I used to think they only happened to other people,
and then I found out they happen to anyone,
I think I kind of thought I would live forever,
or at least,
I didn't really believe that death could be so
I'm not sure how I failed to comprehend,
since I'd lost a cousin, a brother, a friend's toddler brother, a cousin's husband...
all so close to my sphere,
But, I guess...just not quite close enough to my daily life,
for me to feel the impact,
for me to see the absence in every room,
in the driveway,
in my husband's eyes.
When the one lost was violently snatched from within your grasp,
from under your roof,
moments after you heard his footsteps enter and exit...
When you are the one to answer the door to the 4 men in uniforms,
and then you stand alone in that big,
and try to figure out who to call first,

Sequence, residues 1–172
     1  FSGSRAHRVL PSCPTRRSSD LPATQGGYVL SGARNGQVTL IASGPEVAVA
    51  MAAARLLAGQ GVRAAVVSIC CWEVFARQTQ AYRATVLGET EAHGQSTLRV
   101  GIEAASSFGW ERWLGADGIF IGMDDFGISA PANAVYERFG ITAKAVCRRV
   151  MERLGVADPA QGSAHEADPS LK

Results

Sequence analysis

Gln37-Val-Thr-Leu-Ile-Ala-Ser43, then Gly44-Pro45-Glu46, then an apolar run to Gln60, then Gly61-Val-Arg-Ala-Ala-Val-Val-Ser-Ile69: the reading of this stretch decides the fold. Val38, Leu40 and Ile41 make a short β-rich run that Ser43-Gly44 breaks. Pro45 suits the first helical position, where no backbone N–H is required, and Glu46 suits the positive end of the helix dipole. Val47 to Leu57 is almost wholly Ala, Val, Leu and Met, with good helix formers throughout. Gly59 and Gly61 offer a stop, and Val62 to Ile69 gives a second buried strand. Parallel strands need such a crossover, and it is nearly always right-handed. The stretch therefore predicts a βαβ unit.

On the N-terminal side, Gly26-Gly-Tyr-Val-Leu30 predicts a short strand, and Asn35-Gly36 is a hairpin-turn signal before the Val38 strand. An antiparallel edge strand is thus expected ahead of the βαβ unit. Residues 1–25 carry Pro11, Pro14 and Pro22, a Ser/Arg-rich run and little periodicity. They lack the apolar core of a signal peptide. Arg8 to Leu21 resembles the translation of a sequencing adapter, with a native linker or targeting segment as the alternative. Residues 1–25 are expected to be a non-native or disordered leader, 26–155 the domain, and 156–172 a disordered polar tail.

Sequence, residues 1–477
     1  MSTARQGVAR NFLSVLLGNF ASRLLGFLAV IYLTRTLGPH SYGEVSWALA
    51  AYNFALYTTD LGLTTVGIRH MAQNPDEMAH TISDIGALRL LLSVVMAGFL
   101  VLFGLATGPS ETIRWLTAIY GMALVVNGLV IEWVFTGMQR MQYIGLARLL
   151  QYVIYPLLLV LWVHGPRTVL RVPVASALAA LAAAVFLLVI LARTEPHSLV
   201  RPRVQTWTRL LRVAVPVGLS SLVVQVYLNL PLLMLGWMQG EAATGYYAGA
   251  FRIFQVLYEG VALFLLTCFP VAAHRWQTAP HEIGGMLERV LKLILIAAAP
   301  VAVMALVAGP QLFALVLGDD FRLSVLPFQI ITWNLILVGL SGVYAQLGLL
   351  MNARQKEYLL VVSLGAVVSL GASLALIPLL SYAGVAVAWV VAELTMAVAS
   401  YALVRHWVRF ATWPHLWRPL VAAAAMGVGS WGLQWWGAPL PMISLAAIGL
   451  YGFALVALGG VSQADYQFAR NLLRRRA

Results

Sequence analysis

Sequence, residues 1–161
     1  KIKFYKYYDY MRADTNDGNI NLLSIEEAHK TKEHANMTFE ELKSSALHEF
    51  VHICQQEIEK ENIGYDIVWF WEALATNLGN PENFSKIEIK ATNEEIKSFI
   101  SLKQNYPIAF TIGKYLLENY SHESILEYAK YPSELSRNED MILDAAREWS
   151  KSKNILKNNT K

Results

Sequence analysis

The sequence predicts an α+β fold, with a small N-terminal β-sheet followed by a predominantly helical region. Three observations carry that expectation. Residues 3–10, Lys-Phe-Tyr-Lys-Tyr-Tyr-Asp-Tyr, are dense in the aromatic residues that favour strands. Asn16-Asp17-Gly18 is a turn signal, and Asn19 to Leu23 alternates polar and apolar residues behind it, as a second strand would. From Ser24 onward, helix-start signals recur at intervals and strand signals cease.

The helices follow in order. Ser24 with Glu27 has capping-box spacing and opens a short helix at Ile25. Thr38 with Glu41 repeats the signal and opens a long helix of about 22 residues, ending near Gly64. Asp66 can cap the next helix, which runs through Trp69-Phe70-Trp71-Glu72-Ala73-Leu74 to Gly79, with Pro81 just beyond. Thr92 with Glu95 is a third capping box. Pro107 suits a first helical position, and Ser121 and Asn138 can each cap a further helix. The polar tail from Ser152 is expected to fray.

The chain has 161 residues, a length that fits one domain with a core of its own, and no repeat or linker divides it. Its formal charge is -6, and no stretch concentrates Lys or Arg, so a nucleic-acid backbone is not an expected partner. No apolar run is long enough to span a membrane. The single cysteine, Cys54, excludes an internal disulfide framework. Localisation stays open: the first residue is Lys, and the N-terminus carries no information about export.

how to call,
how to say the words,
where to start...
He was so young, so full of potential.
But this tragedy was much less complicated for me to process than the next.
The next is far too sad,
far too filled with
all that I could have
It is filled with a bond that never seemed like it was all it should be,
from the very start of my life,
and certainly wasn't, at the end of his.
I will break apart inside if I have to think about that night again.
I tried to process it all in the aftermath,
everyone keeps telling you there was nothing you could have done,
and they say it over and over until you want to scream at them with ragged rage,
and reject their ridiculous absolution -
they don't know that you held anger in your heart,
they don't know that you didn't know he needed help,
but that you bloody well should have.
They don't know that their forgiveness isn't what you need,
or how it feels to know you should have taken a deep breath
and forgiven him,
and been able to see how broken he was...
They are wrong.
It was definitely my fault.
This is the one I will someday
figure out how to live with.